One of my favorite writers, Terry Tyler, often generously shares her knowledge and expertise with other writers. Her latest post—Amazon Exclusivity (KDP Select) or Publishing ‘Wide’ ~ which works best?—is a case in point. Georgia Rose of Three Shires Publishing also has invaluable advice and perspective to share, while Kassandra Lamb and her colleagues at Misterio Press are equally generous with their advice.
Of course, I’m just not as good a person as the writers listed above. As you can see in the following post—originally a guest post for Misterio Press a few years ago—I take a more
self-centered greedy personal approach to the craft.
Buddy can you spare me a blurb?
Last week I did our monthly budget, an act which blurs the boundaries between blind faith and creative fiction. [Warning: I’m a professional writer so I make up shit for a living. Do NOT try this at home, boys and girls.]
At first, I wasn’t too upset because I thought writers were supposed to live lives of abject poverty—garrets, obscurity, day jobs asking if the customer would like fries with that order, perhaps the odd chemical dependency.
But then I remembered reading an article a few years ago about Simon & Schuster’s offer of $920,000 for rights to a first novel, Just Killing Time by Derek V. Goodwin, that was submitted with endorsements from novelists John LeCarre and Joseph Wambaugh. The only problem: Wambaugh and LeCarre denied ever reading the book, so Simon & Schuster canceled the contract.
Then there was the autobiography of the famously reclusive Howard Hughes, written with Clifford Irving. Publisher McGraw-Hill was so excited about their literary coup in signing the book that they offered Irving (and Hughes, they thought) a $765,000 advance. The only problem was that some other pesky guy who said his name was Howard Hughes kept claiming that he’d never even met Irving, much less collaborated on his autobiography. Nonsense, proclaimed McGraw-Hill. They investigated and eventually had to sheepishly acknowledge that the fakes were Irving and his team. Irving ended up going to prison for seventeen months, and more importantly, he had to return the $765,000 advance.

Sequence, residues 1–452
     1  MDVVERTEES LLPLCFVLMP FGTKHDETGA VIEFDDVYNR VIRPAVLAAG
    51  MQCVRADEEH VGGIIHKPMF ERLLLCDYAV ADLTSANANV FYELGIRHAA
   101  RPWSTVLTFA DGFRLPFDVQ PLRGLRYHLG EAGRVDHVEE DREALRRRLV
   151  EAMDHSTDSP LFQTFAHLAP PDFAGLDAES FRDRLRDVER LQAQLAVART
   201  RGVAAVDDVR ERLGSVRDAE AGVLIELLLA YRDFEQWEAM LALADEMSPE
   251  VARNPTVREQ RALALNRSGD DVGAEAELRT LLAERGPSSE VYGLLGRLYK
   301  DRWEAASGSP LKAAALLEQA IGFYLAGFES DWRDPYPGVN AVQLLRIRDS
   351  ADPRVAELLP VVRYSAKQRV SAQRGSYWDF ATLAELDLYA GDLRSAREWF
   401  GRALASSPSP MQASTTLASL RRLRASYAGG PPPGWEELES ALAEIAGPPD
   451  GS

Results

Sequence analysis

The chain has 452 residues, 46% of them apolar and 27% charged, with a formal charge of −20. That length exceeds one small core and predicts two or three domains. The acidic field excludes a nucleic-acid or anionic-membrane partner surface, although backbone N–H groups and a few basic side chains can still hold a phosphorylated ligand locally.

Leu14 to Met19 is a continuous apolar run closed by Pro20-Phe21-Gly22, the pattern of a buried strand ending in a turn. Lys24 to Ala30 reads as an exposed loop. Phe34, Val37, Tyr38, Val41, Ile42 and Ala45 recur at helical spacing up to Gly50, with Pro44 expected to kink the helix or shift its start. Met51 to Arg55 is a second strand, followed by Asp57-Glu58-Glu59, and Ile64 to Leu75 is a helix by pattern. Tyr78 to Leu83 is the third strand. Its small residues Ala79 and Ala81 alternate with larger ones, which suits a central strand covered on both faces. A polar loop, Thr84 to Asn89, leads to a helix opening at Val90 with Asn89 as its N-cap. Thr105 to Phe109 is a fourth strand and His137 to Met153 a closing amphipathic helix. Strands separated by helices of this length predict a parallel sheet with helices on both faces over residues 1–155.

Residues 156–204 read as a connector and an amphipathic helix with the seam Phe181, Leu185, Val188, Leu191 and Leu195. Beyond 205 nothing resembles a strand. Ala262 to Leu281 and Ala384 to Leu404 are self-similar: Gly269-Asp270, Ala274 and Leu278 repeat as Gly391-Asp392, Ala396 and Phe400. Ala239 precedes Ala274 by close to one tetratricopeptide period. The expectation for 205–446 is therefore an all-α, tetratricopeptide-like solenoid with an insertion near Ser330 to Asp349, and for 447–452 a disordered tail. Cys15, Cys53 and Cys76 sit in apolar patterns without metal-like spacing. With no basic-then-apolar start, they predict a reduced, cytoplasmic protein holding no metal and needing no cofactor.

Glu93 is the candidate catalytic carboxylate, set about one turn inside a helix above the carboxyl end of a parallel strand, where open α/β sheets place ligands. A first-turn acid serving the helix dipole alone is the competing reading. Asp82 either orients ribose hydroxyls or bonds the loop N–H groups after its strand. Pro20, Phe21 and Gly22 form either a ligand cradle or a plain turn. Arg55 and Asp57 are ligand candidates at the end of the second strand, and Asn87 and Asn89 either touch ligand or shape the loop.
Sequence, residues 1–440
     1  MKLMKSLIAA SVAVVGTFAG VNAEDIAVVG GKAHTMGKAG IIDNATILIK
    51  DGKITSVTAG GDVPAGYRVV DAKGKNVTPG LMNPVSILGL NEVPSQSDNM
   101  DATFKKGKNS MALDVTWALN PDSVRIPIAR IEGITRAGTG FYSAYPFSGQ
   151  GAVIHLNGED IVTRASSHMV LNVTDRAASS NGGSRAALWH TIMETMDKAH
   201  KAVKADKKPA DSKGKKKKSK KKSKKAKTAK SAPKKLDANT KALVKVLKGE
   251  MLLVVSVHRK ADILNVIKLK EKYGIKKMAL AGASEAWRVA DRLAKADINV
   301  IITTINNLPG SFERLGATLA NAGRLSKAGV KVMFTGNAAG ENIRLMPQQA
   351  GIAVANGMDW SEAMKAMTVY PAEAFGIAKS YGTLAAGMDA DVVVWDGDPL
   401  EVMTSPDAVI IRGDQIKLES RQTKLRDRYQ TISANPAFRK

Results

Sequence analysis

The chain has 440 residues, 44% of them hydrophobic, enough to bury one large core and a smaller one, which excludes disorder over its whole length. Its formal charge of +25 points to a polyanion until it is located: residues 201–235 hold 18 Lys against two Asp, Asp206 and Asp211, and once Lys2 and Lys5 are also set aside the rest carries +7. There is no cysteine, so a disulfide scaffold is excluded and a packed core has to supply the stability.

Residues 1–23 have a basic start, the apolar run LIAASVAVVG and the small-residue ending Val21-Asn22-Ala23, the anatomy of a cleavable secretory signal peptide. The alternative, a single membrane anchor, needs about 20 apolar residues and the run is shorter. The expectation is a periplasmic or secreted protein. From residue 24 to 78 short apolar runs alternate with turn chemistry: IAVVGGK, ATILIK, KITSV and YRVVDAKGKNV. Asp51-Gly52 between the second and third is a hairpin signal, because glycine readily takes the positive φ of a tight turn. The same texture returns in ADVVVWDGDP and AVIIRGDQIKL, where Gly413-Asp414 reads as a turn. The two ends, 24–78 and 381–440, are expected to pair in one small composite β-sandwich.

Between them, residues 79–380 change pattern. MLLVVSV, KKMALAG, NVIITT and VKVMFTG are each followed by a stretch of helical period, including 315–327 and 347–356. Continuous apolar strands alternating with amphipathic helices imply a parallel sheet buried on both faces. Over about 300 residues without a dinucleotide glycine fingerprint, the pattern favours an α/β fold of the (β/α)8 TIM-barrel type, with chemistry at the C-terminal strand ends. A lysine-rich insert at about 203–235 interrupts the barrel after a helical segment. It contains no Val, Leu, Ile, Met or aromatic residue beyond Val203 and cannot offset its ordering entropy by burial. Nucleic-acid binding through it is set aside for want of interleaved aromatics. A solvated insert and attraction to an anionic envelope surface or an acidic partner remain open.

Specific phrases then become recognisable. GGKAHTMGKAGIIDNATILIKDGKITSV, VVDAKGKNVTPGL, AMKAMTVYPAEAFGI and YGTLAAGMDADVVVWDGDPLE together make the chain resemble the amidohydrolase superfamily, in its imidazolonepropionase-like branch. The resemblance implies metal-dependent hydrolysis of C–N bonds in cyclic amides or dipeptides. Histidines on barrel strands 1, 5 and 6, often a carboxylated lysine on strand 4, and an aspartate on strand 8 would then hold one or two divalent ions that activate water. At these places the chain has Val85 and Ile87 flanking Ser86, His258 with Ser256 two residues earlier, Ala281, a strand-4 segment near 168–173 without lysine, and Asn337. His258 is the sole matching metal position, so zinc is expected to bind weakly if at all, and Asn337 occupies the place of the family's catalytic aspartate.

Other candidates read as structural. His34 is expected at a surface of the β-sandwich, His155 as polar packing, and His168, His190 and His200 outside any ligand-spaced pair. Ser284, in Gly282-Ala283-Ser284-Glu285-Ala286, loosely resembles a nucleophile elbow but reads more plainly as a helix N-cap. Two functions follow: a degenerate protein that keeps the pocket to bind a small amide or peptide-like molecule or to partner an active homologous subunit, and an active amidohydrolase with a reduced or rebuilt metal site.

Do you know what these stories mean to me as a writer?
Of course you do! It means that McGraw-Hill wasn’t out that $765K. And Simon & Schuster never coughed up the $920K.
So those dollars are probably lying around waiting for me to scoop them up, if I can just round up some good reviews, or—as we professional writers say—“blurbs”. (From the Latin word blurbus, the sound made by the Latin critic when the Latin writer holds him under the Latin water until he agrees to say something good about the Latin opus.)
Of course, I’ve learned a lesson from Irving’s and Goodwin’s little missteps.
Here are the top eight things I’ll look for in my blurb-writers.
- I’ll seek blurbs by writers who are unlikely to change their high opinion after actually reading my opus. John Welles understood this when he wrote: “Here are jeweled insights, lovingly crafted by a veritable Faberge amongst wordsmiths, hand-polished erections in the global village of contemporary sensibility, perceptions snatched from the Outer limits of human experience…” John Welles’ review of “Masterpieces”—a book written by John Welles.
I’ll find blurbs from writers who couldn’t possibly deny authoring a blurb. Not being (technically) alive helps here. For example, I will use a blurb from my dear friend and fellow writer, Bill Shakespeare. He just sent one which sayeth: “Not marble, nor the gilded monuments of princes, shall outlive Barb’s powerful rhyme. But she shall shine more bright in these contents than unswept stone, besmeared with sluttish time.” (Hmm, I think Bill’s last line there refers to my housekeeping, so I’ll try to get the publisher to leave it off the book jacket.)